One of the main challenges with her was communication; she didn’t speak, but her eyes were so expressive that it was only a matter of time before we managed to connect. To this, we added a rudimentary idea that allowed me to get limited yes or no answers.
In one of many sessions, we asked her, with the help of cards with pictures (pictograms), if she was a girl, a teen, an adult or an old woman. Her eyes immediately went straight to the card that represented the girl, despite her age.
The following sessions were dedicated to talking about the features of adolescence. I will never forget the sparkle in her eyes when she identified with everything we mentioned.
When we repeated the question, “Are you a girl, a teenager, an adult or an old woman?” her response was immediate: “teenager”.
We used the same technique to explain to her what it feels like when “you like a guy”, again, words were not necessary to explain everything that her eyes expressed. Letting her parents know that their disabled daughter liked a guy from the same center was a totally new but very rewarding experience for me; although, recognizing that all issues related to sex education were left out in the intervention was disappointing.
Did no one realize that these girls were growing up? What were we doing to ensure they had a fulfilled adolescence and adult life?
The perception of sexuality with a disability
We go through life with a lens that stops us from seeing beyond disability. We deny ourselves the opportunity to know and connect with a person, to the point that we have come to believe that certain people, due to their life conditions, will never experience the desires and needs that those without disability do, so we deny them the opportunity of (re)knowing themselves and to live and feel like people with rights.
Within the Convention on the Rights of Persons with Disabilities (CRPD) there are articles about sexuality issues, such as Article 16 that refers to protection against exploitation, violence, and abuse; the relevance of this article is not what it mentions about the protection that people with disabilities should receive, but that it considers it essential to provide them with information so they can prevent and recognize any type of sexual violence and inform others (1).
Another important article is Article 23 about home and family. This article recognizes the decision to marry, the number of children desired, time gaps between each child, and the right to maintain fertility. The fact that basic rights like these should be mentioned within the convention allows us to realize how violated the rights of people with disabilities are and that despite the fact that in the current historical context we are looking for a human rights perspective, segregation and discrimination still persist nowadays, such as considering disabled women as asexual beings that do not have the ability to make decisions regarding their sexuality and reproduction.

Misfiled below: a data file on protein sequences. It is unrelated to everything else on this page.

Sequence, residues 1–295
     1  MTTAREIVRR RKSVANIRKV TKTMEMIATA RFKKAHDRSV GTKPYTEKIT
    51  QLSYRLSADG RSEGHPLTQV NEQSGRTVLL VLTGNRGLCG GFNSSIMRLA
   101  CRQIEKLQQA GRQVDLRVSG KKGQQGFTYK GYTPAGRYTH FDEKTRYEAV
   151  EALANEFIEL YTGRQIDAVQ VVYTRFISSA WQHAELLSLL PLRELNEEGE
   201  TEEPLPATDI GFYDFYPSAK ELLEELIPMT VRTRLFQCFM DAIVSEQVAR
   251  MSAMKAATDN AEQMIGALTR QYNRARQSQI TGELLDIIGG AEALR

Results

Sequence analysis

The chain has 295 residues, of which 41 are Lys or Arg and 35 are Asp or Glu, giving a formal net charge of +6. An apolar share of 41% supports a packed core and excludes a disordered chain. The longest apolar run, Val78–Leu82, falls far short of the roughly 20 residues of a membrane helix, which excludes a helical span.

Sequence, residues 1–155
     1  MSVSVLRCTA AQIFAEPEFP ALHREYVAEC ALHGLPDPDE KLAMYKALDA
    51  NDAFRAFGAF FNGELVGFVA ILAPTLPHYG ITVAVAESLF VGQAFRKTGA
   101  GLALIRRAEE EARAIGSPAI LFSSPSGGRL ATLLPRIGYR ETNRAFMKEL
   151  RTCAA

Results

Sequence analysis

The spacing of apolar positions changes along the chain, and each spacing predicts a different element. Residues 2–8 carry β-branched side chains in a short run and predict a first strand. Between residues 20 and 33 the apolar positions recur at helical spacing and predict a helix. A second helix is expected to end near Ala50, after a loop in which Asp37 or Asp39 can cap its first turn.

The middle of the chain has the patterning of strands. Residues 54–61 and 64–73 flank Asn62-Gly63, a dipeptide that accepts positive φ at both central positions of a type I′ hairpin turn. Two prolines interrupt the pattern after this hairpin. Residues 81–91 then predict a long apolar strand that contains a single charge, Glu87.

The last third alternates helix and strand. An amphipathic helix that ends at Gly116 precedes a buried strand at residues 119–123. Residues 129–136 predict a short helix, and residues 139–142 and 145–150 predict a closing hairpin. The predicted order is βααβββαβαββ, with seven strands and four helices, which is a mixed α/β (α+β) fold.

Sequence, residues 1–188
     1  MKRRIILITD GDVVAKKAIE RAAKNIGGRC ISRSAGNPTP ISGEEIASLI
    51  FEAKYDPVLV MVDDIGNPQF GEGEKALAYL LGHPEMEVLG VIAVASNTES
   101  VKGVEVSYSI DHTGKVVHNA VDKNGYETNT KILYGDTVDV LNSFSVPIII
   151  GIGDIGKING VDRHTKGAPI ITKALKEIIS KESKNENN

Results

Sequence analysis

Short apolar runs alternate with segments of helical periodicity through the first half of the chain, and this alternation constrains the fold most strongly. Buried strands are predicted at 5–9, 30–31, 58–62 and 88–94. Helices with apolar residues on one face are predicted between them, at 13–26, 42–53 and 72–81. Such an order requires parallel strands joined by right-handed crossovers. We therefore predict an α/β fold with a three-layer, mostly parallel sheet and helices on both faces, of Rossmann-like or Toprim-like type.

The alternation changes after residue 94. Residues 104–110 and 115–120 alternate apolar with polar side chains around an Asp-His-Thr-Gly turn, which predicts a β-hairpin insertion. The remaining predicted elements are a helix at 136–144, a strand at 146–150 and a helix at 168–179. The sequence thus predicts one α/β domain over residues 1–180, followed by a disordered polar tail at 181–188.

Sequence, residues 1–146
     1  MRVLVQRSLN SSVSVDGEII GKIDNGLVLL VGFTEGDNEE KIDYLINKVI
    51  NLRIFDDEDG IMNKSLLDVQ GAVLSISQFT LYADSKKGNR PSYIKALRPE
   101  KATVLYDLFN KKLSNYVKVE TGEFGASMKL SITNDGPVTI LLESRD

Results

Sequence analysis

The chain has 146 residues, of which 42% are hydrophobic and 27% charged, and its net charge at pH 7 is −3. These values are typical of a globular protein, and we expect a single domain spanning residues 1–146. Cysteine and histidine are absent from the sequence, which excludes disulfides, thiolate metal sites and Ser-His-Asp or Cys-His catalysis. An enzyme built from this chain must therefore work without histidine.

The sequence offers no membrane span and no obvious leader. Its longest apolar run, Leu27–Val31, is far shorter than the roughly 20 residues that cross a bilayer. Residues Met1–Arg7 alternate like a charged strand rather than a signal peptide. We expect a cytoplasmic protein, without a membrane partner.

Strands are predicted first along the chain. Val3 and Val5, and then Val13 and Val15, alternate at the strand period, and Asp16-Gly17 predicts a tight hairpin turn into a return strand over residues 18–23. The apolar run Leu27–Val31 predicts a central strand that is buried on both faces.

A better approach towards sexuality and disability
There is a long way ahead of us regarding comprehensive sexual education for those living with disabilities.
It is important to mention that comprehensive sexual education and sexual and reproductive health in Mexico are out of reach for disabled women, and whatever is done is aimed at preventing them from having children and/or fully enjoying their sex lives. These topics are never discussed, and very few parents consider the comprehensive sexual health of their disabled children important; most of them are “content” with preventing or keeping their children from behaviors that may be uncomfortable, such as masturbating in public.
“You know, I was her age when I had my first boyfriend, but it never crossed my mind that I had to worry about these things with her”. These were her mom’s words. I then understood that it is not always easy to empathize with those who live with disabilities, but it is not impossible either.
We owe disabled girls, teens, and women, and this debt is not going to be paid by planning nice infantilized events because our idea of disability makes us believe that their taste will always be childish. It is necessary to start seeing them as sexual beings with their own tastes and desires, and it is also necessary to offer them information through suitable media. It is essential to create spaces for them to be heard and learn to respect their decisions so the eyes of more girls, teens, and women shine whenever they are heard, acknowledged, and respected, regardless of their life conditions.
(1) “Convention on the rights of persons with disabilities.” United Nations, www.ohchr.org/en/instruments-mechanisms/instruments/convention-rights-persons-disabilities. Accessed January 2023.
Note: If you want to obtain more information related to sexuality and contraceptives, you can visit our blog.
About the author: Mirelle Rosales. Feminist psychologist. Abortion doula. Shares life with three pampered dogs.
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